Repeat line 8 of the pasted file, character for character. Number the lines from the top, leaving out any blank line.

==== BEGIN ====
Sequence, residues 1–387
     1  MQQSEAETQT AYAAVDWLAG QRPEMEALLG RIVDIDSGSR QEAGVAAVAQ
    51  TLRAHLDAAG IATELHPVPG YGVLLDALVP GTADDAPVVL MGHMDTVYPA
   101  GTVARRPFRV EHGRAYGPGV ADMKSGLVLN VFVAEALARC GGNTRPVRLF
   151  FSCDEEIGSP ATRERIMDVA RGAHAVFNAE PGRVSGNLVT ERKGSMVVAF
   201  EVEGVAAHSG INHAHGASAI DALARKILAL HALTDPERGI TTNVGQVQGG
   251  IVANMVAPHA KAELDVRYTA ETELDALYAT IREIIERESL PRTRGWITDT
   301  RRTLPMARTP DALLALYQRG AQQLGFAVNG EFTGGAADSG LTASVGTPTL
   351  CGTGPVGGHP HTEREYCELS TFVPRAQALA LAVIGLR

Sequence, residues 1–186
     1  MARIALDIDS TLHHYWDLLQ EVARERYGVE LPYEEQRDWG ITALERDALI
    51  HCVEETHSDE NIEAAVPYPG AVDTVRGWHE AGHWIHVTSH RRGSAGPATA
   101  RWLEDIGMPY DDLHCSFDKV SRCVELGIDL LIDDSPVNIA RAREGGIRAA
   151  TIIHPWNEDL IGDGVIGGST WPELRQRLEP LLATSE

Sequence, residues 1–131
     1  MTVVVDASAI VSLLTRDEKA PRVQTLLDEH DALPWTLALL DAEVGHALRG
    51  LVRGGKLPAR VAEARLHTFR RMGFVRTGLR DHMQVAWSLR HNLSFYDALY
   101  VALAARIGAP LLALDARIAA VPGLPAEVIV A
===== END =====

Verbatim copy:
   301  RRTLPMARTP DALLALYQRG AQQLGFAVNG EFTGGAADSG LTASVGTPTL